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Patterns of Catching-Up in Candidate Countries' Manufacturing Industry

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  • Peter Havlik

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    (The Vienna Institute for International Economic Studies, wiiw)

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    Abstract

    This paper analyses the structural changes that have taken place in CEE candidate countries' manufacturing industry during the last decade. In the more advanced candidate countries for EU membership, industry has been able to recover at least part of its previous position thanks to active restructuring and privatization efforts, fostered especially by inflows of FDI. Employment declined more than output and over five million manufacturing jobs were lost in the region between 1990 and 1999. Production specialization has markedly increased between 1990 and 1999 in nearly all candidate countries. The top five branches account for 60% to more than 70% of manufacturing industry output. The structure of manufacturing industry in the majority of candidate countries is now fairly close to the European pattern both in terms of production and employment (exceptions are Bulgaria, Romania and the Baltic states). A new pattern of productivity winner and loser branches is emerging winners are electrical, optical and transport equipment as well as furniture; losers are food and beverages, textiles, leather, wood products and chemicals. Hungary is a productivity leader among the candidate countries; Bulgarian and Romanian labour productivity is just one fourth of the Hungarian level. In several countries wages are growing faster than productivity, implying a gradual deterioration of the international labour cost competitiveness (except Hungary and possibly also Poland). The winner branches have managed to increase their comparative cost advantages vis-à-vis the present EU member states. But some loser branches - such as textiles, leather and wood products - face clear cost problems and may well have higher unit labour costs than Western Europe. Manufacturing industry has been an important target of FDI in the candidate countries, but the sectoral distribution of FDI is highly uneven. FDI has a clearly positive impact on output growth, labour productivity and ULC improvements.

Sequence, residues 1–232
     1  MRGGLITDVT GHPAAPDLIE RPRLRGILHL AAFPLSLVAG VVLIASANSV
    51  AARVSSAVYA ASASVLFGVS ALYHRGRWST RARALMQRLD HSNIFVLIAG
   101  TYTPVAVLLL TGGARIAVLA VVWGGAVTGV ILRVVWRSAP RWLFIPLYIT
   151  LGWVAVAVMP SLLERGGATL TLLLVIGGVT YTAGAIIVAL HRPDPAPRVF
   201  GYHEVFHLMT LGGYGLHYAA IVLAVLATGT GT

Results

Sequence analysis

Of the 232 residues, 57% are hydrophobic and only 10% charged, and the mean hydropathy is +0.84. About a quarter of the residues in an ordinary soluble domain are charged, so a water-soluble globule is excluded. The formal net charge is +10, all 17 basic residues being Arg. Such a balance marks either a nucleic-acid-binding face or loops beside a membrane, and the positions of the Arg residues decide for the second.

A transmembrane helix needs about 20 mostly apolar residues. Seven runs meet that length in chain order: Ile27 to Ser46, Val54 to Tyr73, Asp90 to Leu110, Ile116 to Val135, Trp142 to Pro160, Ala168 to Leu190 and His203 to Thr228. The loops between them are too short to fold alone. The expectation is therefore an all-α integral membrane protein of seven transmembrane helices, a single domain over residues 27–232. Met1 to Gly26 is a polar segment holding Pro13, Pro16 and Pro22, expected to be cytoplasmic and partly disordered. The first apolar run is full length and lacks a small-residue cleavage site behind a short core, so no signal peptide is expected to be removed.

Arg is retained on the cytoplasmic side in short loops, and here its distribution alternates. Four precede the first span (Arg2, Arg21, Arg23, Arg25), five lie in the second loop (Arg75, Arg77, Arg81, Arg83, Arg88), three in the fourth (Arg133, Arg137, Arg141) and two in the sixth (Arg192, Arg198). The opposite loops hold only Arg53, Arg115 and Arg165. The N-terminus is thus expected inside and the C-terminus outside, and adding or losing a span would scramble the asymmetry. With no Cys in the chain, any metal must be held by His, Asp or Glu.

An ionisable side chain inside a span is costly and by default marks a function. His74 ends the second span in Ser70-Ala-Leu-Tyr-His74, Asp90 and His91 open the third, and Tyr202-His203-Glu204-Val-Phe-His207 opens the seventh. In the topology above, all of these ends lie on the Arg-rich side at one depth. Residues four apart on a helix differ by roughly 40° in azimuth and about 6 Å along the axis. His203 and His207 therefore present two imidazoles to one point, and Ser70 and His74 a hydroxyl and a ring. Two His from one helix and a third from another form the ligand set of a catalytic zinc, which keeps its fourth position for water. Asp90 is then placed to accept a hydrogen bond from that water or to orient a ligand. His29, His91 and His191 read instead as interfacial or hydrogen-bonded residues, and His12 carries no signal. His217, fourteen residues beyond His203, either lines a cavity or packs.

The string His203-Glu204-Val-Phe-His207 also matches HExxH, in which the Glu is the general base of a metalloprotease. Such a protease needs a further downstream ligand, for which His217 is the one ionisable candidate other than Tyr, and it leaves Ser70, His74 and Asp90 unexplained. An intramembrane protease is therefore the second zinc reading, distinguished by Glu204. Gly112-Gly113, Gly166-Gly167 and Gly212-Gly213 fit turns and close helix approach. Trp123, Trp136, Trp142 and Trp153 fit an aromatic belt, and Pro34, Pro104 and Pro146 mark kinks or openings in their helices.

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    Bibliographic Info

    Paper provided by The Vienna Institute for International Economic Studies, wiiw in its series wiiw Research Reports with number 279.

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    Length: 33 pages including 9 Tables and 16 Figures
    Date of creation: Aug 2001
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    Publication status: Published as wiiw Research Report
    Handle: RePEc:wii:rpaper:rr:279

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    Related research

    Keywords: CEE candidate countries; industrial restructuring; productivity comparisons; foreign direct investments; structural and technological change;

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    Cited by:
    1. Johannes Stephan, 2002. "Industrial Specialisation and Productivity Catch-Up in CEECs - Patterns and Prospects -," IWH Discussion Papers, Halle Institute for Economic Research 166, Halle Institute for Economic Research.
    2. Dr Johannes Stephan, 2008. "Evolving Structural Patterns in the Enlarging European Division of Labour: Sectoral and Branch Specialisation and the Potentials for Closing the Productivity Gap," Working Papers id:1650, eSocialSciences.
    3. Johannes Stephan, 2003. "EU Accession Countries’ Specialisation Patterns in Foreign Trade and Domestic Production - What can we infer for catch-up prospects?," IWH Discussion Papers, Halle Institute for Economic Research 184, Halle Institute for Economic Research.

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